Federal Court Finally Acquits Karpal Singh Of Sedition After 10 Years
Malay Mail reported that the Federal Court panel, headed by Chief Judge of Malaya Tan Sri Zaharah Ibrahim, unanimously freed Karpal of his alleged offence in 2009.
"We allow both appeals against the conviction and sentence against the appellant," she said, before adding that the bench will not consider other grounds in the appeal.
The seven-man panel also included Chief Judge of Sabah and Sarawak Datuk Seri David Wong Dak Wah, Tan Sri Ramly Ali, Datuk Alizatul Khair Osman Khairuddin, Datuk Abang Iskandar Abang Hashim, Tan Sri Idrus Harun, and Datuk Nallini Pathmanathan.
The bench cited a "substantial miscarriage of justice" in Karpal's case
Zaharah said that there were serious "misdirections" of law by both the High Court and the Court of Appeal that convicted and upheld the ruling against Karpal respectively.
"In the circumstances of this case, we are of the view that the failure is a serious misdirection and had occasioned a substantial miscarriage of justice which is not curable under the proviso to Section 92(1) of the Courts of Judicature Act," Zaharah said, according to Malay Mail.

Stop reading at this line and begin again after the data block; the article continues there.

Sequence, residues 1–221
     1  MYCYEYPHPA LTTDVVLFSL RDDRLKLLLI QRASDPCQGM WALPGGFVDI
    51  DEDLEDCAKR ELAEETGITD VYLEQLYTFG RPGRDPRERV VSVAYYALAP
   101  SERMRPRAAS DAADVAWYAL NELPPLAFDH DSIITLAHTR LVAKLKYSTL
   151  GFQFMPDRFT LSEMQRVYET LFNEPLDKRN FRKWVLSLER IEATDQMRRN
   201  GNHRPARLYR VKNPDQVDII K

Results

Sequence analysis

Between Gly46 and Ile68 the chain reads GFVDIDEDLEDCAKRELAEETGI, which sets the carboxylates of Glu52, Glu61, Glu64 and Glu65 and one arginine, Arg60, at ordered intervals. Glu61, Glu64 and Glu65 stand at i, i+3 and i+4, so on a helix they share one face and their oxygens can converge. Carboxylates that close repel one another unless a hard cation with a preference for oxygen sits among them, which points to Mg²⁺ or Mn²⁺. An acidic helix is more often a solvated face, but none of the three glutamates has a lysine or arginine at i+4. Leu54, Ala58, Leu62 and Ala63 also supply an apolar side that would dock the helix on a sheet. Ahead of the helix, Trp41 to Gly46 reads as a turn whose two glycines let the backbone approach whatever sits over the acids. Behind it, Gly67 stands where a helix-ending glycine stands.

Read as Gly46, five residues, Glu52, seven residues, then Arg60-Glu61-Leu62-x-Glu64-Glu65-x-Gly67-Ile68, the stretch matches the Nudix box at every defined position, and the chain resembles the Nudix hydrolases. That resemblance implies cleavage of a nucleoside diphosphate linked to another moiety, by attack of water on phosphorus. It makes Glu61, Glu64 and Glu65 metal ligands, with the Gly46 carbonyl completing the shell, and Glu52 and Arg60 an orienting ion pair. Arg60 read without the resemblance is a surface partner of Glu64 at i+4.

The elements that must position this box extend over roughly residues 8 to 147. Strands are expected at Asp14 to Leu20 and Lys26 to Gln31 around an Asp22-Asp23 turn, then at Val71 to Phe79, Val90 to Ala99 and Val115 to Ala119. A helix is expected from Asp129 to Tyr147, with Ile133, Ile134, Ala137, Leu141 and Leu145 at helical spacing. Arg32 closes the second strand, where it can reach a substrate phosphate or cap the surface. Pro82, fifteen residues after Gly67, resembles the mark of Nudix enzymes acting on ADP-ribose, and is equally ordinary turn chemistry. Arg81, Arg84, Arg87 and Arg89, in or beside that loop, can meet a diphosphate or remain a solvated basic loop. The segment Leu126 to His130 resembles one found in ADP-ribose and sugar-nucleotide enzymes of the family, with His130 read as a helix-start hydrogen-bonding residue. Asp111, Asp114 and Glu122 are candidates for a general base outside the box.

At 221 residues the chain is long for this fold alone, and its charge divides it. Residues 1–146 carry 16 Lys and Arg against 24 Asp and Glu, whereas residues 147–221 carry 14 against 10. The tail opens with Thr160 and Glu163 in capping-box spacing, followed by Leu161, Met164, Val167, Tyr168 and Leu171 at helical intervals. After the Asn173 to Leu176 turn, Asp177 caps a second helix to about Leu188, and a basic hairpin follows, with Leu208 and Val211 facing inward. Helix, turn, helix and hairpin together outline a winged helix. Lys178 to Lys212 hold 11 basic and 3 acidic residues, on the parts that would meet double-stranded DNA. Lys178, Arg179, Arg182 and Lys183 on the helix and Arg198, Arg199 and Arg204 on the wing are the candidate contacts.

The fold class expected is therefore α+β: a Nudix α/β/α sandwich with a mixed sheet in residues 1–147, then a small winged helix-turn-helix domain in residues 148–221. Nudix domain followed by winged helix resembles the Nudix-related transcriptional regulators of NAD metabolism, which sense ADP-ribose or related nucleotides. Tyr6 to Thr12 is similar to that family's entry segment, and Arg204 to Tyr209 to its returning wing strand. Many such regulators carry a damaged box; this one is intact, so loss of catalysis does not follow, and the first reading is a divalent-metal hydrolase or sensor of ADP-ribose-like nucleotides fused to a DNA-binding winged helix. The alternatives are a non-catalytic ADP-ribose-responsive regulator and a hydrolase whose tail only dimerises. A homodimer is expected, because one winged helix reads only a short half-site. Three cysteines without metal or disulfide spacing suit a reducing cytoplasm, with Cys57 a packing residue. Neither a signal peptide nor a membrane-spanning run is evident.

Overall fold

Free Malaysia Today reported that the Chief Judge also detailed the failure of judges to consider Karpal's defence in their rulings.
Although the law required Karpal's defence to be considered by the trial judge, the judge eventually "merely relied on the judgement of the Court of Appeal", according to Zaharah.
She added that another Court of Appeal ruling against Karpal in 2016 also failed to consider his defence.
The former DAP leader was found guilty of sedition in 2014, and was sentenced to a RM4,000 fine
Karpal was charged in 2010 for questioning the late Sultan Azlan Shah over the removal of Perak's former menteri besar Datuk Seri Mohammad Nizar Jamaluddin during the 2009 constitutional crisis.
He died in an accident on the North-South Expressway two months after his conviction in 2014. His widow, Gurmit Kaur, became the substitute appellant in the case.
In 2016, the Court of Appeal upheld Karpal's conviction despite reducing the initial RM4,000 fine to RM1,800.
Justice Datuk Hamid Sultan Abu Backer previously alleged foul play in the Court of Appeal's 2016 decision against Karpal. Read more about it here: